2. Rachel, where were you when my son was a baby? I so could have used this post. I looked online forever looking for information and while I found some posts here and there, nothing was as comprehensive as what you wrote! Pinning! Every new mom needs to read this.

  3. I love your advice, v practical, so many of us have to travel when babies are tiny , so we can visit our family abroad, to introduce our new baby to grandparents and aunts and uncles. its a bit daunting but with a bit of planning and prep its much easier. Good article.

  4. Great article on travelling with babies. I’ll pass this link to all my friends. You had a question in regards to the reason why you can’t “wear” the baby for take off and landing… Maybe I can answer this one. Many of the devices have lots of straps/buckles/loops etc, and in case of evacuation it increases the risk of getting caught in an armrest or people pulling on you.
    Ok time to try out the banana muffins.
    Happy travels!

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  6. Love this article! It has been much more helpful than other ones I have read on the subject. I think we might consider getting the Cosco carseat and the Go-Go Babyz for our trip. Our baby is 9 months and getting too big for her infant seat so we’ve been wanting to either buy her the Britax Marathon or the Recaro ProRide (both of which I’ve read are nightmares on planes) so I think getting this will be a good deal and save us some money for the time being. I do have one question about the Go-Go Babyz though. Can you gate check this? What does your family usually do? Is it free to gate check just like a regular stroller? Do you ever also bring a stroller and the Go-Go Babyz? Just wondering if and what we’ll have to pay. Not sure which airline you usually travel with but we are taking a direct domestic flight on Alaska Airlines if that helps at all. Any more info would be greatly appreciated!

    1. Hi, Daisy! Thanks so much for reading and commenting! We’re about to transition from our baby seat, too. On one hand, I think our baby (ten months) will be more comfortable in a bigger seat, but the bucket seats are so convenient! AND…our baby still sleeps in hers! I think I’m going to try to borrow a baby seat that goes up to 30 pounds so that we don’t have to switch for another month or so. ANYWAY! Back to your questions…. Yes, the GoGo Babyz would be free to gate check. Or it could go in the overhead compartment. If you bring both your carseat, gogo baby, and stroller, you may want to email or call your airline ahead of time to confirm. (I would assume it would all be free; the Go-Go Babyz is very small!) Yes, we traveled with all the things you mentioned….but we had two kids/babies. So the Go-Go Babyz was for one child and the stroller was for the other. You should be able to stow the Go-Go Babyz on the plane. Here’s what I found on the GoGo Babyz website:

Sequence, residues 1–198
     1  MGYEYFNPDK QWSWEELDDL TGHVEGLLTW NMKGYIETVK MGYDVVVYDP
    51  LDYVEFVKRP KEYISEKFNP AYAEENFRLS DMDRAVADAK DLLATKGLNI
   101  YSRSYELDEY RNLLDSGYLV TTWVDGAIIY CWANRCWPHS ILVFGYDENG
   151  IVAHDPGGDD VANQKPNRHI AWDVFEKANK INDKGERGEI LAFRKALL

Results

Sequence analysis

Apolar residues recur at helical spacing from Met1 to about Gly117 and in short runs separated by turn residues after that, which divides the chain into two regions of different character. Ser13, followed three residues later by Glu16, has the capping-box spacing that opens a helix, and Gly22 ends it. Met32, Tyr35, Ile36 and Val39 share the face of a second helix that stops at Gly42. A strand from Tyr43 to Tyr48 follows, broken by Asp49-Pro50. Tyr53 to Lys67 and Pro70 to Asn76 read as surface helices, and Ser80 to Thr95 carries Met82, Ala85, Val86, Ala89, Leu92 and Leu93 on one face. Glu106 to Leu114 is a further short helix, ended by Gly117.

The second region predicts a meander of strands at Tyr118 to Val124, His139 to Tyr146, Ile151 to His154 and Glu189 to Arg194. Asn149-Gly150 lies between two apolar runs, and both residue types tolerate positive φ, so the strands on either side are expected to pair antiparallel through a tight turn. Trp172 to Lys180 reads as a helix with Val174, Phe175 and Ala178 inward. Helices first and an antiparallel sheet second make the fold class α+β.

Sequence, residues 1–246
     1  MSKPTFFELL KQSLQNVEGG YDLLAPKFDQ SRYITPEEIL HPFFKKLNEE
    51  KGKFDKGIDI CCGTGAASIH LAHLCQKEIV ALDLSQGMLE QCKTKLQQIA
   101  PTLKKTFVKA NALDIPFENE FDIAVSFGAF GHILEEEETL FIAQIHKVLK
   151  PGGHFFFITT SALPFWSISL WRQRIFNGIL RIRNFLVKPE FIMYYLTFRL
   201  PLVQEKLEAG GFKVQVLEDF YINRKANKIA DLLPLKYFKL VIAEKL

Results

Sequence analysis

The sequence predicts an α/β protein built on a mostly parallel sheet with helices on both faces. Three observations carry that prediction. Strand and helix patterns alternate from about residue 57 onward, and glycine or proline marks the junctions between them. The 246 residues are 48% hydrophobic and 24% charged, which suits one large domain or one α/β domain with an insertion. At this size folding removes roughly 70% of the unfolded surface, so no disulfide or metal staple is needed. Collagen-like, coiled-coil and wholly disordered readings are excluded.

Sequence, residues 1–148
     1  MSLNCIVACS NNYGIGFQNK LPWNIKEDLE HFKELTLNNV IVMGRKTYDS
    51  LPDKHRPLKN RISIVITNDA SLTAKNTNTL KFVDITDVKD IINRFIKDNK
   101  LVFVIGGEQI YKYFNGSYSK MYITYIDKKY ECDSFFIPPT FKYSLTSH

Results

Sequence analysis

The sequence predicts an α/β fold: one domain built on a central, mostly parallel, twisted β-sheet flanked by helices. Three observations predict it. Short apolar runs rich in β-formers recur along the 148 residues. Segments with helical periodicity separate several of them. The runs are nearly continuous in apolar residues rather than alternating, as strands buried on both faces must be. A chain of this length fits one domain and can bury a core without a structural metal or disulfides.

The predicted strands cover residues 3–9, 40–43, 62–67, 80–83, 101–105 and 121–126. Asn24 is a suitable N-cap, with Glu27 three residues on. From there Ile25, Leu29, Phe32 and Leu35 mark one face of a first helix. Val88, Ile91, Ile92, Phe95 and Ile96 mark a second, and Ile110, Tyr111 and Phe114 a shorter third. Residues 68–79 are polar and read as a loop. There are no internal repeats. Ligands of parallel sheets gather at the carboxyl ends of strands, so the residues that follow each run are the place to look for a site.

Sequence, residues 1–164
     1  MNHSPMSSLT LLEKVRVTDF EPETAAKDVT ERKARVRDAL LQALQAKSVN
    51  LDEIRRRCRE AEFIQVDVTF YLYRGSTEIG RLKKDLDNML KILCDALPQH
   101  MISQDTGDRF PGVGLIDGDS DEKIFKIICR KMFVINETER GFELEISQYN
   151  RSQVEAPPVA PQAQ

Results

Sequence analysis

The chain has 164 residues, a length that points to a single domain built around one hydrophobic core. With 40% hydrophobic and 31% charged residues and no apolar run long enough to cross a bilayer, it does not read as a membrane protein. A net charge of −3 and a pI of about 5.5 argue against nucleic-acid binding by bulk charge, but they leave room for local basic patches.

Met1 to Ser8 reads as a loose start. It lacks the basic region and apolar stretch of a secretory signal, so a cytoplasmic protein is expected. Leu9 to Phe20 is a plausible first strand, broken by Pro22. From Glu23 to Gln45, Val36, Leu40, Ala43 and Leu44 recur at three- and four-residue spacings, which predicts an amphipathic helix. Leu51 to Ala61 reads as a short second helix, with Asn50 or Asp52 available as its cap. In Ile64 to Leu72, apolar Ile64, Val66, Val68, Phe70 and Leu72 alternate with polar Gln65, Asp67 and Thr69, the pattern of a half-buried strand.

Airplane Aisles
      The gogo Kidz is 16 ยฝ inches wide and ๏ฌ ts down the aisle of most
      commercial airplanes. However, many car seats are wider and they may
      not ๏ฌ t down the aisle of the coach section. A practical approach is to have
      your child out of the seat and expect to carry the seat to your assigned
      seat, once you reach the coach section. The handle on the gogo kidz
      makes this easier to do than carrying the car seat by itself.

      Airplane Seats
      There are dozens of car seat manufacturers with multiple models of car
      PROGRAM. Remove the gogo Kidz and either stow it in the overhead bin
      or โ€œgate check it.โ€ Fortunately, the gogo Kidz is very easy to put on and
      take off. Only one thumbscrew needs to be removed for the strap version
      and two thumbscrews for the Britaxยฎ, Fisher-Priceยฎ and Recaroยฎ seats.

      Please let me know if you think of other questions! I could talk about flying with kids all day! ๐Ÿ™‚

  7. Thanks so much for the info; great site. The disposable containers and spoons are a great idea, I didnโ€™t even think of it! What containers do you have pictured? I like that you can put the spoon in the container, but separated from the food itself. Thanks again!

  8. Hi, thanks for all these tips, I do have one large question though that no one seems to address in these types of posts. What do you do for your kids’ sleeping arrangements once you’re at your destination? I can’t see bringing two pack n’ plays on the plane but a 9 month old in a bed doesn’t make sense either.

    1. Great question, Gabrielle! How old are your kids? We have huge rolling duffel bags that actually do hold two pack n plays! But when we stay at hotels, I always ask for the hotels to provide a crib. MOST places provide them free of charge. I’ve gone so far as to ask for the serial number, brand, or picture to make sure they haven’t been recalled. ๐Ÿ™‚ Yep, I’m a little paranoid when it comes to little babies!

      Also, we have slept on the floor NEXT to our baby (I can’t remember what led us to that!) or in a king bed WITH our baby. I’m not sure how comfortable you are with those options, but that’s what we’ve done. We don’t co-sleep at home (they’re too squirmy), but we make it work when we travel if there’s no crib. ๐Ÿ™‚

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  10. Thank you@!!!!! We’re a military family with a baby on the way and we love to travel in-between moves so flying with a child/baby will be frequent and inevitable. Thanks for the helpful tips!

    1. Oh, yay!!! Thanks so much for reading and commenting, Amber! Congrats on the new baby! If you ever have any other questions that I might be able to help with, please write! ๐Ÿ™‚